Where LA’s Top Pitmasters Buy Their Meat and Fixings
Up your BBQ game this Labor Day by shopping where the pros shop
Labor Day Weekend is upon us. For the rest of America that means summer is over. But for those of us who live in the Southland, it’s just beginning.
To help you kick things off right, we pinged some of L.A.’s most notable BBQ experts for grilling tips, ideas for unusual cuts and how to fail forward.
What cut do you recommend that’s unusual for BBQ, where do you find it, and how do you prepare it?
“I love to recommend the pork jowl ‘toro’ cut to our customers,” says Oliver Woolley of Peads and Barnetts. “It’s basically a trimmed-down pork jowl, so you just get the best section out of the middle of the muscle, and it’s amazing on the grill.” Peads and Barnetts is farm near San Diego, but you can find them at the Hollywood and Santa Monica Farmer’s Markets. Their pigs feed on a diet of oats and seaweed and roam free, making for some of the most flavorful pork you’ll find. Oliver recommends an overnight marinade of fish sauce, shoyu, palm sugar and rum. “I then cut it into strips, thread onto skewers and cook over hot coals until the outside looks crispy,” he says. Serve with a sweet and tangy Thai dipping sauce, like Jaew.
Burt Bakman, the pitmaster at Slab, loves the picanha, a Brazilian style tri-tip. “It’s a triangular shape, and you can ask for it at Merconda at the Farmers Market at the Grove,” he says. Bakman slices it thin, folds and skewers it, then places it on the grill. “We also grill some serrano peppers to go with it, but you don’t want to over season,” he says. “It’s a marble cut of meat and very delicious, so you don’t want to distract from that.” He also likes shopping for meat at Cosco. “They have amazing meat preparation, clean cuts and beautiful ribeye caps.”
Where do you go for the best produce, what do you recommend this season, and how do you prepare it?
It’s summer and we’ve had a wet year. But now the tomatoes are coming in strong, according to Oliver. “Santa Monica’s Wednesday market is the mecca of incredible seasonal produce. Right now there are tons of beautiful tomatoes and peppers in season, so that’s what I’m buying.”
Bakman visits Santa Monica on Wednesdays, too, but loves the Hollywood Farmer’s Market. “You get such characters there, people doing the walk of shame mixed with people shopping, and the smells are so good,” he says. “I grab vegetables for pickling.” He likes Wiser Family Farm, which sells to a lot of local restaurants and can be found in Santa Monica on Wednesdays and Saturdays, as well.
Where should I stock up on BBQ essentials?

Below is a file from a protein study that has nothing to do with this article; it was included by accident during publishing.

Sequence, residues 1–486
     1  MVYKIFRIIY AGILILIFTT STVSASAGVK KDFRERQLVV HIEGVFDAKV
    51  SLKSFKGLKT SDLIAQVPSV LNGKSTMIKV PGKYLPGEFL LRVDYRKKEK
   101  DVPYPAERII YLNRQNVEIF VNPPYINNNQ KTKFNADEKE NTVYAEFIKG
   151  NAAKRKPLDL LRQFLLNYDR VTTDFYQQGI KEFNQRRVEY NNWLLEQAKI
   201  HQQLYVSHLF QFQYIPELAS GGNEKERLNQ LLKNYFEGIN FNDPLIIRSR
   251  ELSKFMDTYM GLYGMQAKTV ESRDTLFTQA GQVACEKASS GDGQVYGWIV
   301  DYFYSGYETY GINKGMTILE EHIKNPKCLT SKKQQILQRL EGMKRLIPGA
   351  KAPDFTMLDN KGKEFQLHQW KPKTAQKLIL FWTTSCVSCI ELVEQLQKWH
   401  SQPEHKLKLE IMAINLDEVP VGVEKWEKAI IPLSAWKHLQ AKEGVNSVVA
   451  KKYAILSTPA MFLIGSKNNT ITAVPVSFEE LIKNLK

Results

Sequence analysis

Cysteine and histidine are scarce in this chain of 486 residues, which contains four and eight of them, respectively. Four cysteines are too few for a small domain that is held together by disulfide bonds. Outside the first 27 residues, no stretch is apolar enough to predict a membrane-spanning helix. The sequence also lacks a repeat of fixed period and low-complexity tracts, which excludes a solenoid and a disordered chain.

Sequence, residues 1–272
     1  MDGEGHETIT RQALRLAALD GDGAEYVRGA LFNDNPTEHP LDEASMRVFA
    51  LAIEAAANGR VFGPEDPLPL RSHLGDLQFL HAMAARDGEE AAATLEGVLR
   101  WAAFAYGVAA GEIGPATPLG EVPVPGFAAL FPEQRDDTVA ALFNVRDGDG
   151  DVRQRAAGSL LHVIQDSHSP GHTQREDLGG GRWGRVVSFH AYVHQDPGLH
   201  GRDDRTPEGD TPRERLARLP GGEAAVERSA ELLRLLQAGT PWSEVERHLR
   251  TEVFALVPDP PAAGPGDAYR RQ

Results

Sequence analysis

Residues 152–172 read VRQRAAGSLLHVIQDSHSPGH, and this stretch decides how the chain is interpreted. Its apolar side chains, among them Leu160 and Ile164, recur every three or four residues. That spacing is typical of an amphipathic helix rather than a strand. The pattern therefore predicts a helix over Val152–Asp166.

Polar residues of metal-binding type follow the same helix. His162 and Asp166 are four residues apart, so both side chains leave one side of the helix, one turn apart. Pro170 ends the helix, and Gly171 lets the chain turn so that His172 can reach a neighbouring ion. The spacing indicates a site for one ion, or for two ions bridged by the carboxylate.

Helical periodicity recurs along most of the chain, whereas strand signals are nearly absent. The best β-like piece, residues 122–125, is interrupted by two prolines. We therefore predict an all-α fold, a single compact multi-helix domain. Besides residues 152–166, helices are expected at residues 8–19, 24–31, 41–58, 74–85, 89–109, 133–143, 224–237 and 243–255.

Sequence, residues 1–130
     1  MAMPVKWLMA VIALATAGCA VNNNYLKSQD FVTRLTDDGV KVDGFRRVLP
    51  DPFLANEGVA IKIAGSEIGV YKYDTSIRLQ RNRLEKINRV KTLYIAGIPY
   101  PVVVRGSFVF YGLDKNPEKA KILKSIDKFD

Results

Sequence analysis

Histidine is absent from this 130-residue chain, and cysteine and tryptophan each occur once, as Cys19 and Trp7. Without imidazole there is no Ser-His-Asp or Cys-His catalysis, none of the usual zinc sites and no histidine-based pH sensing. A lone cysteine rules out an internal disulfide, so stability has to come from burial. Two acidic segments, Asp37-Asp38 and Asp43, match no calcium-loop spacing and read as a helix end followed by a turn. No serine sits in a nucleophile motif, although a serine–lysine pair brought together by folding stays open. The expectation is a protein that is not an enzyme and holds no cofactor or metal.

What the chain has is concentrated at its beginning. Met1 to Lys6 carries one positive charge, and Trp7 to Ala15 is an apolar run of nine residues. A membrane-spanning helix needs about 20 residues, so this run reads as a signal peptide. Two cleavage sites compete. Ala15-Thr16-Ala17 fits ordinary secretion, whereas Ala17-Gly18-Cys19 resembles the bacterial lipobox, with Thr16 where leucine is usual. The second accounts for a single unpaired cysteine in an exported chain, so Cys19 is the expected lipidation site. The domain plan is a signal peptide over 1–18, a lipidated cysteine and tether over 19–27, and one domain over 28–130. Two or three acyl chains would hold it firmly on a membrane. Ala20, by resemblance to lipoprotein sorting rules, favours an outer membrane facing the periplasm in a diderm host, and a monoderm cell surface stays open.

Oliver grabs his supplies online at BBQ Guys. But for a quick fix, Sur La Table is around the corner from the Santa Monica Farmer’s Market. “A good digital thermometer and some proper tongs go a long way,” he says. A thermometer preserves the integrity of your meat, and good tongs are an extension of your hand, allowing you to feel the tenderness of the meat. Your technique will improve with practice.
At Slab, Burt smokes his meats like they do in Central Texas. That requires oak. But when he was starting out, he used lots of different wood, and for that he’d drive to California Firewood Sales in Topanga. “You see these giant towers of wood that would crush a human or a car if they fell over,” he says. Now he uses Alpine Firewood out of Pasadena.
What are some BBQ tips that you’ve learned over the years?
“I’d say the most important tip is to slow-temper the meat you’re going to cook,” says Oliver. That goes for big steaks, pork chops or lamb neck. “This isn’t just about taking it out of the fridge to come up to room temperature; put the meat in a spot on/near the grill where it can get very low indirect heat and pick up lots of nice residual smoke and flavor. Then you can finish with a sear over high heat. And don’t forget to let it rest to keep in all the juices — you’ll be very pleased with the result.”
Bakman is all about failing forward. “Don’t be scared to try different things,” he says. “But always take notes and pictures so you can reference your work. That’s how you get better.” He goes on to say that even for him, the road ahead is longer than the road behind. “I know enough to know I don’t know much.” This mindset means he’s constantly learning. “Look at your finished product: Is it shiny? Falling apart? Did you wrap it? What did you wrap it in? What temp did you put it in at?”
These questions have more meaning if you take notes. Don’t forget to write down your impressions. “I’m always looking at old pictures of meat that I thought was great, but that I now know could be better.”
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